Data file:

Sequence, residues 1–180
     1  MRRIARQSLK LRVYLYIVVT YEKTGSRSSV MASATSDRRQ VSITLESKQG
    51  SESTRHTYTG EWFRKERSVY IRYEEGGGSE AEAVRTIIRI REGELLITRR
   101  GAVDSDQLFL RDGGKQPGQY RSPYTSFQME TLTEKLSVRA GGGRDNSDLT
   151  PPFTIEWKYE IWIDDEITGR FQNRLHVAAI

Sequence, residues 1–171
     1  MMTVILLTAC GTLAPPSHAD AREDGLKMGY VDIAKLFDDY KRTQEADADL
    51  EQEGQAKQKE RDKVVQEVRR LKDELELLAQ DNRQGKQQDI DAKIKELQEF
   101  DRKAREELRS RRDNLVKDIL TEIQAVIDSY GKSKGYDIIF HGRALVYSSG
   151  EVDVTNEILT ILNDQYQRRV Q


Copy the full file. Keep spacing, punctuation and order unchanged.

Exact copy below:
Sequence, residues 1–180
     1  MRRIARQSLK LRVYLYIVVT YEKTGSRSSV MASATSDRRQ VSITLESKQG
    51  SESTRHTYTG EWFRKERSVY IRYEEGGGSE AEAVRTIIRI REGELLITRR
   101  GAVDSDQLFL RDGGKQPGQY RSPYTSFQME TLTEKLSVRA GGGRDNSDLT
   151  PPFTIEWKYE IWIDDEITGR FQNRLHVAAI

Sequence, residues 1–171
     1  MMTVILLTAC GTLAPPSHAD AREDGLKMGY VDIAKLFDDY KRTQEADADL
    51  EQEGQAKQKE RDKVVQEVRR LKDELELLAQ DNRQGKQQDI DAKIKELQEF
   101  DRKAREELRS RRDNLVKDIL TEIQAVIDSY GKSKGYDIIF HGRALVYSSG
   151  EVDVTNEILT ILNDQYQRRV Q